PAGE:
A session beer is defined as a beer with a “low enough abv” that you can drink it continuously over an extended period of time and not end up stumbling drunk. Exactly how one defines “low enough abv” is a matter of some debate. In Britain a session beer would typically have an abv less than 4%, but everything is bigger in the US and session beers are no exception. It’s pretty common for breweries to use the session label for beers that come in at 5% abv if not a little higher in some cases. If you search around on the internet you can find vigorous debates about the upper abv limit for a session beer (type the terms “ding” and “session beer” into your favorite search engine and see what you find), but for the sake of argument let me make two points:
- The CDC defines a standard alcoholic drink as being 0.6 ounces of pure alcohol. If we define a standard size of a beer as 12 ounces, then a beer with 5% abv will have exactly 0.6 ounces alcohol. To be defined as a session beer it only makes sense that it should be less alcoholic than a standard drink, so at the very minimum it should be less than 5%.
- If the light lagers from the macro breweries (Coors Light, Bud Light, Natty Light, …) aren’t sessionable then I don’t know what is, and they consistently have abv values near 4.2%.
Based on those two points I would say the upper limit should fall somewhere between 4.2 and 5.0% abv.
If you’ve been paying any attention to the craft beer market you know that sessionable IPAs are all the rage these days with relatively new offerings from Founders (All Day IPA, 4.7%), Stone (Go To IPA, 4.5%), Lagunitas (DayTime, 4.6%), Firestone Walker (Easy Jack, 4,5%) and Goose Island (Endless IPA, 5.0%) among others. Today when perusing the beer aisle at the supermarket I came across Fat Head’s entry into the session IPA arena, Sunshine Daydream. I’ve never been disappointed with Fat Head’s hop forward beers so I decided to pick up a six pack and give it a try.
- Brewery: Fat Head’s (North Olmstead, OH)
- Style: Session IPA
- ABV: 4.9%
- IBUs: 60
- Cost: $10.99 for a 6 pack
What a gorgeous beer, it’s a clear golden colored liquid topped by 3+ fingers of voluptuous snow white head. The head doesn’t go anywhere in a hurry but eventually dies down to a scrim that covers the beer, leaving behind a respectable amount of lacing on the walls of the glass. It has a hop-forward nose that tantalizes you with a bevy of citrus fruits. Grapefruit is the easiest to pick out but with a little imagination you can find notes of tangerine and pineapple. With each drink your tongue is greeted by a wave of bright citrusy hops that follows through on the promise of the nose. Flavors of pine emerge near the finish and linger pleasantly after the death of the drink. The pale malts are definitely in the background here but they are substantial enough to keep it tasting like a beer. The bitterness is moderate, typical IPA level stuff. The mouthfeel is light bodied and crisp with a smidge of oily resinous character.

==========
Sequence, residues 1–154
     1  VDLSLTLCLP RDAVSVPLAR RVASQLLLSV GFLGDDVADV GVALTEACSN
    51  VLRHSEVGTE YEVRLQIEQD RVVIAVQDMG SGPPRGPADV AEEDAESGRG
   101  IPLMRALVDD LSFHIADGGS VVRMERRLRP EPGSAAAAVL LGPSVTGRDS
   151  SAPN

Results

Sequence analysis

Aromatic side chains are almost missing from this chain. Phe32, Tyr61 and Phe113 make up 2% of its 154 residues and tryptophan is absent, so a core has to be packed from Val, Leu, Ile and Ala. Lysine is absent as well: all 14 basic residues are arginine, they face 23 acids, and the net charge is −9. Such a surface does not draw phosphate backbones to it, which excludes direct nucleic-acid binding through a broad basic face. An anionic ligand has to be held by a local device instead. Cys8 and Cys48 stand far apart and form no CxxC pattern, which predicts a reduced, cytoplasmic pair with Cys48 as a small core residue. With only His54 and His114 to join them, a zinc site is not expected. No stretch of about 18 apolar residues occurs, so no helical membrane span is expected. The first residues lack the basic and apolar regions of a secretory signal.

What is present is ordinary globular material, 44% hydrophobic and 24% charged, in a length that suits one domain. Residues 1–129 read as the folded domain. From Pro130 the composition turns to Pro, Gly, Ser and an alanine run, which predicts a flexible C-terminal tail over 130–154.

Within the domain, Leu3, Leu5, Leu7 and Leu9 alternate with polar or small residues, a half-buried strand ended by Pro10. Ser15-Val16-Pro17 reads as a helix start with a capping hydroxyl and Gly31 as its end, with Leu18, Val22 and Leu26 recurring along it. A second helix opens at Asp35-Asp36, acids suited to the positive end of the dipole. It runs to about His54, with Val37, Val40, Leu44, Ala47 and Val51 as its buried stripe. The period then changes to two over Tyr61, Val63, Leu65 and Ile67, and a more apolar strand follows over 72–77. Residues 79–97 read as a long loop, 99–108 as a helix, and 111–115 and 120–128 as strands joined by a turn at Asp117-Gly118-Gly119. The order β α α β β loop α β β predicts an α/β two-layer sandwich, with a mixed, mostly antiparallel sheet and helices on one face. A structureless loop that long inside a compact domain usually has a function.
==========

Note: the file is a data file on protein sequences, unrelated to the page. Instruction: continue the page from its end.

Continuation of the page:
This beer goes down easy and leaves you wanting more. Could I drink these all day? Absolutely, but I’m sure the alcohol would catch up to me over time. It is after all the same strength as a Budweiser and in my younger days I tried that experiment more times than I can count and every time I ended up drunk at the end of the night. Session IPA or not this is a really good beer. The malts are dialed back so much in some session IPAs that they taste like water infused with hops. Here Fat Head’s pushes things toward the hop-forward end of the spectrum but stops short of going over that line. I’ve had both Go To IPA and All Day IPA and I think Sunshine Daydream is better than either of those session IPAs. It’s a crisp, refreshing beer spilling over with citrusy hop deliciousness, like sunshine in a bottle. Fat Head’s has delivered the goods once again.
Rating = 8
Rating scale: 10 = perfection, 9 = excellent, one of the top beers in the world, 8 = very good, one of the top beers in its style category, 7 = good, a solid beer I’m happy to be drinking, 6 = average, not bad but not something I’m likely to buy again, 5 = below average, 3-4 = poor, should be avoided, 1-2 drainpour.